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How Do We Introduce Children in Poverty to a Christian Education?
Posted By Ana Rafaela On April 13, 2010 @ 1:00 am In Complementary Interventions,Country Staff,For New Sponsors | 6 Comments
São Paulo is the capital of Brazil’s São Paulo state. It is richer than the other 25 Brazilian capitals and the most populous – more than 11 million inhabitants. The state is known as the “Brazilian economic motor” because it has the country’s largest industrial park, the most skilled labor, the best infrastructure and the greatest economic production, not to mention the biggest consumer market.
São Paulo also has the best evangelical seminaries and is the headquarters of many evangelical denomination conventions. Because of all these characteristics, it seems impossible for anyone who doesn’t know the Brazilian reality to imagine that in this same city people starve and some have never heard about God.
This is São Paulo. This is the contrast.
Unlike the grandiosity that São Paulo displays, Projeto Casa Criança Viva operates in a small, two-story house on a dirty street – dirty because of the pollution and graffiti on the walls. This child development center serves 150 children in the area.
Food is one of the needs that the center is working to supply to the children, but there is another crucial need that may come as a surprise: most children haven’t heard about God until they enroll at the center.
In a group of 12-to-14-year-olds, most of the children said they previously didn’t have any idea about the Bible or salvation in Christ. This is surprising because São Paulo’s population is about 15 percent evangelical, according to Ministry Information Support, and this number is growing each year. Yet most children who live in the neighborhood this center serves have never learned about Christian values.
Our Complementary Interventions Program for Christian Education is helping to change that.
Because of the efforts of donors, we were able purchase Christian material for 150 child development centers to use in their Christian education classes. The books were distributed among 35,000 children enrolled.
Projeto Casa Criança Viva uses these books not only in its Christian education classes, but also as a compass to direct the other activities of the center. Christian education is offered one hour a week, and all center activities are planned to serve this class.
The teacher prepares the children’s hearts to receive the message during the week, according to the theme that the book gives. If the Christian education theme of the week is “obedience,” the center incorporates that theme in the other subjects taught to the children.
For example, in the physical area, children are taught to obey the game rules; in the cognitive area, children are taught what “obeying” means in language and how to apply it in their vocabulary; and in the socio-emotional area, children are taught the importance of obeying authority, such as parents, teachers and governments.
Many children enrolled at the child development center got their first contact with the Word of God at the center. They had never heard about God, Christ or stories such as the Garden of Eden, Noah’s Ark or Joseph in Egypt.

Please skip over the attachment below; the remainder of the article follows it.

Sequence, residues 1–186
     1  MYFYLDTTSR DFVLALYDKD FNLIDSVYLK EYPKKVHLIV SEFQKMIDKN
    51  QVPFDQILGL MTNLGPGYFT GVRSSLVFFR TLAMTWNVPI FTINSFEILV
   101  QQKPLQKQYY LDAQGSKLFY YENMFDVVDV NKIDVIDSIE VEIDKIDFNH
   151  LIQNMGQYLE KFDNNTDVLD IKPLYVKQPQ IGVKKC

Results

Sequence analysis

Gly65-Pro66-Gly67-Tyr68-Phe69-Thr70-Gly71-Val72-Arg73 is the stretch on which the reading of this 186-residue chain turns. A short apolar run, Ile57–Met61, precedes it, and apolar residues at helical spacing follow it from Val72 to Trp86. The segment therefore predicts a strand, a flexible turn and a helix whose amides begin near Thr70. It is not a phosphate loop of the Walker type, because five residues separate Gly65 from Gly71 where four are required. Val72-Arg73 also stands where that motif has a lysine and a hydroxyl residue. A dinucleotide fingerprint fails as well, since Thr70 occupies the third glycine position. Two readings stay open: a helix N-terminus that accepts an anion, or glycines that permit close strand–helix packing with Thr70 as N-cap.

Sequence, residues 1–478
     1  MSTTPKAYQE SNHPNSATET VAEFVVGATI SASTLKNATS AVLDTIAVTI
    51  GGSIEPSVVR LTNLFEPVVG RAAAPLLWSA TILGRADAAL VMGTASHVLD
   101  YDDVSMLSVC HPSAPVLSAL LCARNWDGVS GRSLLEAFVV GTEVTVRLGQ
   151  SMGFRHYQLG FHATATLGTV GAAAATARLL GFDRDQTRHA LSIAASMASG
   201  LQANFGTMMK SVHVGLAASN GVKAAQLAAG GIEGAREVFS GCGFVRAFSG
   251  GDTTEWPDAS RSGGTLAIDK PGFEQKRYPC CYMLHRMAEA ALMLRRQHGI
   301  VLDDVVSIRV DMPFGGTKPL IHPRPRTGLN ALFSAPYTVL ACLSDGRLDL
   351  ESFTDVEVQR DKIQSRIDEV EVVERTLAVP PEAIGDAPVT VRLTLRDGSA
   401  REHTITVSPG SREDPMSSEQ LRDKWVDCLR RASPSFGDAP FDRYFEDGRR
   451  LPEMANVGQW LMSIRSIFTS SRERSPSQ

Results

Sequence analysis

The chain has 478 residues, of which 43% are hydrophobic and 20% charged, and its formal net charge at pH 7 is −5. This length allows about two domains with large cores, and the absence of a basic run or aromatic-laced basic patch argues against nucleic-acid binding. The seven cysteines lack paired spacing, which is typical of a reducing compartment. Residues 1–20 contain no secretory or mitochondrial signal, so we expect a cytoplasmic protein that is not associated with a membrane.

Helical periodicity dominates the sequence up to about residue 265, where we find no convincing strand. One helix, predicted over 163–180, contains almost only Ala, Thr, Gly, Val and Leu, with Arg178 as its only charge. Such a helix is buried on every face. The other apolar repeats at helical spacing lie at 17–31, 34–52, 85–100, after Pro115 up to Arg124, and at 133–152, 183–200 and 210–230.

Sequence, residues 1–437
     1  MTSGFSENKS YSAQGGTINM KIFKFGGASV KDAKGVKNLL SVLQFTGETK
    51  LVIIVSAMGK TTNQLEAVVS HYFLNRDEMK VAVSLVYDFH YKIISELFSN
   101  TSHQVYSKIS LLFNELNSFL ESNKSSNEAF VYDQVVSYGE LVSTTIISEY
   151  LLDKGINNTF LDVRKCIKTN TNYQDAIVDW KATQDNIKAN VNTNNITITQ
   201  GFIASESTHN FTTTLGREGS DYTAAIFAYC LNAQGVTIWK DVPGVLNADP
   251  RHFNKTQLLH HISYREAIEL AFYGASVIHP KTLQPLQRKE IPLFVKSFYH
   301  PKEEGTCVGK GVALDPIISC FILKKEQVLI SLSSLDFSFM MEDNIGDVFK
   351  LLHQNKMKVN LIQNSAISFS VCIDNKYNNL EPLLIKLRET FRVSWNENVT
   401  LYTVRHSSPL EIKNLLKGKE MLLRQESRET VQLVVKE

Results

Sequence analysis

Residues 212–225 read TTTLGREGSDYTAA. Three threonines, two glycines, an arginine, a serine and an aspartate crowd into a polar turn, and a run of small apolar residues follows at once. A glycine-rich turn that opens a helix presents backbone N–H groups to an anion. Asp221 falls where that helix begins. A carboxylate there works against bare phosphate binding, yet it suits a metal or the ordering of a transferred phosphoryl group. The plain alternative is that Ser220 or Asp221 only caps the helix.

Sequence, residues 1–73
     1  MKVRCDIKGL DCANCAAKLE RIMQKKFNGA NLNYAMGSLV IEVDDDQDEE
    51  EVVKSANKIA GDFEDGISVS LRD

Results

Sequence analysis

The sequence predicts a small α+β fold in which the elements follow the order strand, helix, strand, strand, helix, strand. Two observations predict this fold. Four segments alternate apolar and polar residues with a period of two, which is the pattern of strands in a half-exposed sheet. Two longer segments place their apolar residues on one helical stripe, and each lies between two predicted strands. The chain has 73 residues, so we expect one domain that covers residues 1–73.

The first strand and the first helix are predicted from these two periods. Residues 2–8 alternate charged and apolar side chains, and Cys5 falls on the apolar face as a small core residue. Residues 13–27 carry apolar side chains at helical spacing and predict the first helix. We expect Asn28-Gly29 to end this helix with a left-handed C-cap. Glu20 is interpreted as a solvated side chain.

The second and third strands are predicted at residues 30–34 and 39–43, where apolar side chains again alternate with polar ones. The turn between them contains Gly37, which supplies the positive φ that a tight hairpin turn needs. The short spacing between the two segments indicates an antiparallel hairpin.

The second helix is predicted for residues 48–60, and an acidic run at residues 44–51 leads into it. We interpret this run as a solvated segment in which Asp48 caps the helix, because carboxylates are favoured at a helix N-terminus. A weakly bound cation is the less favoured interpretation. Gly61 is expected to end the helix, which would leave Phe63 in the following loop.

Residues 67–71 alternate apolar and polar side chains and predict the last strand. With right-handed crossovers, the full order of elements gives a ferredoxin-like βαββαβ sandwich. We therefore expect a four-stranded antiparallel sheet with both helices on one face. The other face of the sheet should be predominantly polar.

Transformation is the best word to define what happens with the children during the class. Parents recognize the difference in the way their children behave.
“It’s very good for Karla to have this class,” says Marta, mother of 11-year-old Karla. “She used to be a rebel and use bad language!”
Before enrolling in the project, Karla didn’t help her mother at home and when she did, Karla became angry. Because of it, Marta had several problems with the rebellion of her daughter.
“Karla’s temper got better after learning about God’s values!” Marta says. Karla now helps her mother washing dishes and taking care of her little brother, Mateus.
Center staff have witnessed the transformation, not just of children, but also of entire families.
Izael is 7 years old and lives with his parents in a small house. Izael’s family life used to be very hard until the conversion of his parents. They weren’t married and Izael’s father drank too much. The parents used to dance forró, a kind of sensual dance very famous in the northeast of Brazil.
The center staff provided Izael with biblical counseling about it. One day, in the Christian education class, Izael received Jesus. A few days later, his parents and his little sister decided to follow Jesus, so the whole family stopped with the forró.
“Our family relationship improved. Antonio and I decided to get married officially and he stopped drinking,” says Izael’s mother with happiness.
Izael’s mother believes the Christian education lessons were decisive for Izael’s conversion. This transformation was so strong in Izael’s life that he has a plan for his future:
“I’d like to be a pastor and teach people about God!”
São Paulo’s most impoverished children live in a reality that only Jesus can save them from, giving them dreams and hope for a better future. The Christian education materials equip our church partners to share God’s Word, often for the first time, with children in need of hope.
“They come here without knowing God and the main difference God makes in their little lives is to put hope in their hearts. They believe God can open doors. They believe in victory.” – Luciana, the director of Projeto Casa Criança Viva
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